Measuring Well-Being: Why Health, Gender and Communities Need to be Counted in Surveys

The OECD’s Better Life Index attempts to compare well-being amongst OECD nations using education, housing, environment measures. The Economist has reproduced this graphic, which ranks Australia first, the USA second and Norway third.

On the one hand these types of surveys are useful because they measure social conditions rather than simply material wealth. On the other hand, this particular graphic neglects other socio-economic measures that give a different picture of national well-being.

For example, the Index makes a sweeping statement about gender:

“Taking all 11 topics of the BLI into account, the differences between women and men’s well-being are small. However, there are topics where men do much better than women, such as for instance jobs and earnings. Conversely, women fare better than men in health, education, community and life satisfaction.”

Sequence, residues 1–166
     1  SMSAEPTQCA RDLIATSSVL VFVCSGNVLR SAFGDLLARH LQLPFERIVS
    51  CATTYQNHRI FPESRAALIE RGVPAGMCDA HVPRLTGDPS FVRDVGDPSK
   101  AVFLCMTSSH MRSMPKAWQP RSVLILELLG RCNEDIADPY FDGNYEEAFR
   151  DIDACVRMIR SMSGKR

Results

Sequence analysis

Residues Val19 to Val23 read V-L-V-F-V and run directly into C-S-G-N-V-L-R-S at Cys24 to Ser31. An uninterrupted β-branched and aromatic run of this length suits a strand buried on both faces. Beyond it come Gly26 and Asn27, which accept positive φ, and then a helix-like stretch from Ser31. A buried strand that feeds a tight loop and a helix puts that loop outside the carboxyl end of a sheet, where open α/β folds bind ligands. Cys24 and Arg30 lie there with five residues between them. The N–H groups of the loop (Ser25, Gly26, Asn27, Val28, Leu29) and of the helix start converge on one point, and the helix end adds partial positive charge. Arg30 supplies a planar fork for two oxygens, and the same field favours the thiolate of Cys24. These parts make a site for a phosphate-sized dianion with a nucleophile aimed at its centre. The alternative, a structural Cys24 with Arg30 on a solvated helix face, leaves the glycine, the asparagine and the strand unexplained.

This does not really reflect social science data, which show how men and women’s mental health differs according to marital status, life stage, social network support. The 2012 World Development Report compares low, median and high income nations, noting that men in Australia and the USA are over-represented in violent crimes and incarceration. Moreover, domestic inequalities and social welfare distribution mean that these countries are ranked lower than Scandinavian nations.

OECD Better Life Index. Via The Economist
OECD Better Life Index. Via The Economist

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